The cab display provides the driver with continuous information about the current target distance, and an analogue image of the speed indicator which also shows the maximum permissible speed at any given moment. An overspeed is indicated to the driver both visually and audibly, after which the computer will intervene to cut traction power and apply the service brake, followed if necessary by an emergency brake application. When the actual speed falls back below the permitted speed curve, the driver can acknowledge the intervention by touching the DMI screen, which cancels the brake application and enables the driver to resume control.
The need for infill
We recognised quite early in the planning process that getting the optimum level of performance will require detailed project engineering when applying ETCS to each section of the core network.
For a basic Level1 installation, in principle it is only necessary to install switchable Eurobalises at the main signals. Information is provided for the complete route from one signal to the next. If the target signal is showing a proceed aspect, the data packet for the route can include a release speed at which the train is permitted to pass the next Eurobalise, where it will receive information for the next section of route. However, this basic configuration does not offer acceptable performance. Ideally, infill balises should also be fitted at additional locations to provide more frequent transmission of information.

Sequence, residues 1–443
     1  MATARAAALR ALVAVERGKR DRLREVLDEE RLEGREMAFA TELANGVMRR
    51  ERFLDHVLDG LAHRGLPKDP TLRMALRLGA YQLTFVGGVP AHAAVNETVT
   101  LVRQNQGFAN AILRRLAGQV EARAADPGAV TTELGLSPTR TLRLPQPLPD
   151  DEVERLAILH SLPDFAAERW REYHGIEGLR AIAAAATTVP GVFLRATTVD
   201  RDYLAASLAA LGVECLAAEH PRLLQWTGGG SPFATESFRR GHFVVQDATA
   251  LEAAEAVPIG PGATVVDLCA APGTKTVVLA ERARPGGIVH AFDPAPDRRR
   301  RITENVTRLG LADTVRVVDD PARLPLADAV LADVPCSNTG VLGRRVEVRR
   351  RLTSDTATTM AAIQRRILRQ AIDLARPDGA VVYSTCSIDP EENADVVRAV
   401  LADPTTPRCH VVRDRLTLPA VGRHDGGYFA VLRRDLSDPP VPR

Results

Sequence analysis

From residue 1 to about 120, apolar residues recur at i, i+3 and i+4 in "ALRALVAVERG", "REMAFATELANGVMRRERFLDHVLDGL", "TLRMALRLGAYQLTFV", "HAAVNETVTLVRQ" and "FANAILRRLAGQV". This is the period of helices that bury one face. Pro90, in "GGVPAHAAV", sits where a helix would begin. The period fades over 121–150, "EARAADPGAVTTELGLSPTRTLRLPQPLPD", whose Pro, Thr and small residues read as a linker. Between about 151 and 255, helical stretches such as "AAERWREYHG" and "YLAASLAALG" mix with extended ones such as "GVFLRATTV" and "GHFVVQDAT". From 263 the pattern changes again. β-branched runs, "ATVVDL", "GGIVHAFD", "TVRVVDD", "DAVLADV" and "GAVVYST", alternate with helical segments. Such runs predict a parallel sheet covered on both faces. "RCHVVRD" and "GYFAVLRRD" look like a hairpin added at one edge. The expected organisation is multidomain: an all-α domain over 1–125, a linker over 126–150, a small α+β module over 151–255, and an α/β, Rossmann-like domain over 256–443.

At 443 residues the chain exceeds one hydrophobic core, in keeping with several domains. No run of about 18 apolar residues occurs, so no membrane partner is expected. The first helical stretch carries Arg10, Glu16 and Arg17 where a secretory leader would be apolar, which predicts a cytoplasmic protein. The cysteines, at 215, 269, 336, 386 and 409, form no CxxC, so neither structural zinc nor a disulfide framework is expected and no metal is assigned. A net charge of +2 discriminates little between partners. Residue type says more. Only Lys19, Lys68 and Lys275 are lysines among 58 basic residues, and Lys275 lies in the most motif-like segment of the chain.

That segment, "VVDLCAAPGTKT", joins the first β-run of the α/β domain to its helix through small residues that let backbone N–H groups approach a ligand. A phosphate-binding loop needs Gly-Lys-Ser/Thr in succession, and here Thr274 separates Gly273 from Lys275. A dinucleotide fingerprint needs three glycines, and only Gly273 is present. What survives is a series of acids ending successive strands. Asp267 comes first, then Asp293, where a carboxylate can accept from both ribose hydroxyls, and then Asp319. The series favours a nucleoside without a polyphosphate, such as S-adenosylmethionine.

ÖBB signalling principles provide for a distant signal, which is located far enough in advance of the main signal to give a safe braking distance for a train running at maximum line speed. The infill balise must also be located well in advance of the main Eurobalise.